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Saturday, May 18, 2013
From Fairbanks to Advance: How did it happen?Posted Wednesday, July 18, 2007, at 7:36 AM
When my husband asked me to look for a farm in Missouri in 1974, he had a specific criteria: First, it had to be in the middle of nowhere - no neighbors to be seen in any direction. Second, it had to be in the hills. Third, he didn't want a house, so we could build our own. Fourth, he preferred one near his hometown of Dexter, while I wanted one near our old college town of Cape Girardeau. This meant a compromise somewhere in between.
I left Fairbanks, Alaska in July of 1974 with our 5-month old son Todd and took Alaska Airline to Springfield to show off our first child to my family. Then mom drove us to Southeast Missouri, so my husand's family could meet their first grandchild.
The tomatoes were ripe in the garden in July, and I should have known that we would never be able to stay away from Missouri the rest of our lives....
All the members of the family were only too happy to help us look for a place, so we would come back home. A real estate company in Dexter had a farm listing between Advance and Bell City, but the agent couldn't take us until later in the week. Ah, you know we didn't wait! I had done my first teaching at Bell City in 1964, so we knew the area.....sorta...
Off through the hills we searched, trying to find the farm, which was about 180 acres - and in the "middle of nowhere" right enough! (Sorry , neighbors, if you're reading this, but you have to admit the truth!! It was even more isolated 30 years ago!) Of course, we had to stop and ask directions of the few farmers we saw in the fields. David Tropf was in the front yard of his old family home, and he gave us directions to a washed-out gravel road. We had to leave the car and walk in.
It looked good - an old house was falling down near an ancient barn. It fit the bill! It was so grown up that we jumped a startled coyote, who scuttered off like a crawdad....
I stood in the middle of the land and used up the last of the film in my super 8 movie camera.
When my husband later saw the film, he made a decision, flew down in the fall of '74, and closed the deal. We had never even driven through the town of Advance, much less met one single soul! When I think back to it, I can't believe that we moved into an area without meeting any of the local residents! What a decision!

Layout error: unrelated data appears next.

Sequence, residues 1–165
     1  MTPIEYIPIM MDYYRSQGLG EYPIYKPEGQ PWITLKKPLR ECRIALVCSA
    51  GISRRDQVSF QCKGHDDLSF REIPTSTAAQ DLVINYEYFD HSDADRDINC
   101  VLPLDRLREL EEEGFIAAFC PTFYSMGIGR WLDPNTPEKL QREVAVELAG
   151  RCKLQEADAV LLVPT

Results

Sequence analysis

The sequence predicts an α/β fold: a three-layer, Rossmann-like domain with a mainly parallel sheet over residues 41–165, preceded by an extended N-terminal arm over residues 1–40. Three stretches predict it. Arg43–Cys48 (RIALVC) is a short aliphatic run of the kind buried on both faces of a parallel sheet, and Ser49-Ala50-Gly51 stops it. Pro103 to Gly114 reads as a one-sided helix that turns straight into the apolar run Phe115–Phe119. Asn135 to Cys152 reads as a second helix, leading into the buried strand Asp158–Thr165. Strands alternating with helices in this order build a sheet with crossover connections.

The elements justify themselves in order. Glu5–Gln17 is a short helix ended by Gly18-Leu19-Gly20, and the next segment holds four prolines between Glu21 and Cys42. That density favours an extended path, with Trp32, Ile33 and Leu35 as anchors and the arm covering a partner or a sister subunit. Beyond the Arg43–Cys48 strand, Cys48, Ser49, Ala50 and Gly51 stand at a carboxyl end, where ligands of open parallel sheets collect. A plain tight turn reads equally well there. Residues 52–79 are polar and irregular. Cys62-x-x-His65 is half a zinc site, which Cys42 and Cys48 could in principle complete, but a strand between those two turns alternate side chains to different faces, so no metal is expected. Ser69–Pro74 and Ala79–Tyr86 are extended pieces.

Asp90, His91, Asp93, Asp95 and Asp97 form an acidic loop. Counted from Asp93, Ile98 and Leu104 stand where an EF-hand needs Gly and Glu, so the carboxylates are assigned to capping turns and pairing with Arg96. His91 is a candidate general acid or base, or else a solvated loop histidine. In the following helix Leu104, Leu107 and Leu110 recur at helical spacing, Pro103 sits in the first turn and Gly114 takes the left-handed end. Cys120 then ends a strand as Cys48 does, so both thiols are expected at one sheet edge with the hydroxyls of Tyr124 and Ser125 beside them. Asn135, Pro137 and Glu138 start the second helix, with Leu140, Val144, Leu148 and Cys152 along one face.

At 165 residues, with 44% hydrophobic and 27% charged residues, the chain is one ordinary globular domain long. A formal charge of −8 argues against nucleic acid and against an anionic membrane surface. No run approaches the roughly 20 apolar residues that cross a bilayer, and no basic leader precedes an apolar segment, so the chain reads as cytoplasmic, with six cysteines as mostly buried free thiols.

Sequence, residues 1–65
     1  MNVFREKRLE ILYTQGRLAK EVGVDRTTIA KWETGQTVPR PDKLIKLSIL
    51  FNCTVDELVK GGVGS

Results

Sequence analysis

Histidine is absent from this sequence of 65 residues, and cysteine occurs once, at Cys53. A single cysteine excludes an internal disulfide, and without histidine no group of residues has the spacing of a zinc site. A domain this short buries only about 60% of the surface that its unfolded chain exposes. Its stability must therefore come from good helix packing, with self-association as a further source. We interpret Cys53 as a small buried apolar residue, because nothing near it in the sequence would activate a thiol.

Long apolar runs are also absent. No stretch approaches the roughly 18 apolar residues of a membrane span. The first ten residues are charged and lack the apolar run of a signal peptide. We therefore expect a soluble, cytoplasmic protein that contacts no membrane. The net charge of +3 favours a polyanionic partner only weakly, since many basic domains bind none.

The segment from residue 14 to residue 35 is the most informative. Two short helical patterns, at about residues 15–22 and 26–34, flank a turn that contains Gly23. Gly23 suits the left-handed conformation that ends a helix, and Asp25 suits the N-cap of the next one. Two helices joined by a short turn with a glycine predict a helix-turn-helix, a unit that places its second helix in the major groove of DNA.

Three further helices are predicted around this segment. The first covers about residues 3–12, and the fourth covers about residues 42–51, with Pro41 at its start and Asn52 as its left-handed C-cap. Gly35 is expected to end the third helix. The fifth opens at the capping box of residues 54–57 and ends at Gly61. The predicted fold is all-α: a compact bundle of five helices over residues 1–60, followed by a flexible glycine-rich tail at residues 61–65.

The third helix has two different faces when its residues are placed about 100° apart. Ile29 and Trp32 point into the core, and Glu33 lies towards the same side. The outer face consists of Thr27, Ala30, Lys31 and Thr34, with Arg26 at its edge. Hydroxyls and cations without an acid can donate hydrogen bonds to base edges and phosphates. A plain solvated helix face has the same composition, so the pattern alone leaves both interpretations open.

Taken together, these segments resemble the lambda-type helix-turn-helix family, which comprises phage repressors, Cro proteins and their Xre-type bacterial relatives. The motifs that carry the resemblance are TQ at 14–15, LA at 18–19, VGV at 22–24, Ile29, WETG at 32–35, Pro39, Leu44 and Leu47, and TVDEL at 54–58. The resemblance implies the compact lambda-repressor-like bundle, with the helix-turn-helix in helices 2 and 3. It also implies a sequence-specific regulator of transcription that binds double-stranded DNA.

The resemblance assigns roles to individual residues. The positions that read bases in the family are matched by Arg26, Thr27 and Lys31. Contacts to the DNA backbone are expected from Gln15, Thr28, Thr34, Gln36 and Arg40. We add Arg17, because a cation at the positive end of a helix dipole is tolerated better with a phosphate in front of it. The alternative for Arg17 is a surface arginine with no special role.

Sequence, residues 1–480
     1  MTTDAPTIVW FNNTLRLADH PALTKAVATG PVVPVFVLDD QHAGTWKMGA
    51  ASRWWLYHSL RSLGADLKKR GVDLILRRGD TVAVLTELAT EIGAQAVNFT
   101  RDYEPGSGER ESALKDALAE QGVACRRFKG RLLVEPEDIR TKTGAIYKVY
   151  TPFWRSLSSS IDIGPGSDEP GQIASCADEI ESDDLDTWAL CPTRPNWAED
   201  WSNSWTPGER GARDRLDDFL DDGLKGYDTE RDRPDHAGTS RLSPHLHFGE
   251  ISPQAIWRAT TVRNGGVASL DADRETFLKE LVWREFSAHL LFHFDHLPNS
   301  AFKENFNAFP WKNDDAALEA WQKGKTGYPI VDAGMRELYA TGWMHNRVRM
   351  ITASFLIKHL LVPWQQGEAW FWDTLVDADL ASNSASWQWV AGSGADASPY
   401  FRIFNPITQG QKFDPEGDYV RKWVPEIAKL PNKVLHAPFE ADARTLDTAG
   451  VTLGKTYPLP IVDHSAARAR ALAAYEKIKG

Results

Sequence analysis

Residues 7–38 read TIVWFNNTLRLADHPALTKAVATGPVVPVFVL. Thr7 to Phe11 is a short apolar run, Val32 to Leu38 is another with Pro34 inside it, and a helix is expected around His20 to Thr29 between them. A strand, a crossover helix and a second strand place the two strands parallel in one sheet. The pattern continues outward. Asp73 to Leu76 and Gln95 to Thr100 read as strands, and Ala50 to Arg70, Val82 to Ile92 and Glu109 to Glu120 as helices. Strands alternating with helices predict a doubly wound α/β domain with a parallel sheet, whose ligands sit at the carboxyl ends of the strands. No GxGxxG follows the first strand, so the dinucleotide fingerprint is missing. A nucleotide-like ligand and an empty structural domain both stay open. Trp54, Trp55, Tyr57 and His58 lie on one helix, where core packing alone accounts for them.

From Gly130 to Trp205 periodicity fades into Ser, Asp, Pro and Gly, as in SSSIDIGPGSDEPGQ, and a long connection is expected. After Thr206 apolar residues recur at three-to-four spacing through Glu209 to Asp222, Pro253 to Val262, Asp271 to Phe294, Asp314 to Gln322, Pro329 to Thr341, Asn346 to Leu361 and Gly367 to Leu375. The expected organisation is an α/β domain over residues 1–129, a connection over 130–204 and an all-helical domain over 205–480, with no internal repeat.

My husband Dale moved fast after that. He bought a trailer to keep up near the barn and hired his dad to take care of the farm on weekends, while we were supposed to stay in Alaska until we had earned enough money to pay it off.
HA! That was the plan, anyway!
In January, I think, we came "out" (which is what they call it when you leave Alaska) to spend a week or so at the farm. As if that wonderful vacation weren't enough, we had to face the rigors of Alaska when we returned. As we sat in the airport at Anchorage, they read the temperatures over the loudspeaker: 25 degrees in Anchorage, -60 degrees in Fairbanks. All the heavily-clad Fairbanksans just shook their heads and laughed.
Usually whenever anyone returns to Alaska from the lower 48, friends and family meet them at the airport, but -60 degrees is not really much fun, even in a climate where the people are used to it. In fact, you can get used to anything down to about -40, and after that - it's just plain miserable no matter what. Vehicles don't like to run at less than -40. Our car was plugged in at the house, but when we walked by it, we accidently tapped against the heavy-duty extension cord, and it broke! Dale had to round up another cord immediately and go out to hook up the circulating heater underneath the hood --- otherwise, it would never start the next day. The next day? Heck, it wouldn't start within an hour, if it weren't plugged in!
I think that was the beginning of the end for our Great Experiment in the Far North......
Well, gotta leave for work this morning, so this blog entry will have to end for today...
From the hills of Tillman, Missouri, this is Madeline DeJournett signing off......
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Madeline DeJournett is the Advance writer for the North Stoddard Countian. A retired high school English/history teacher, she spent 32 years teaching in 5 schools in Missouri and Alaska. These days, she lives quietly with a menagerie of wild and domestic animals on 52 secluded acres in the remote Tillman hills south of Advance. She can be contacted at email@example.com or by phone at 573-722-5322.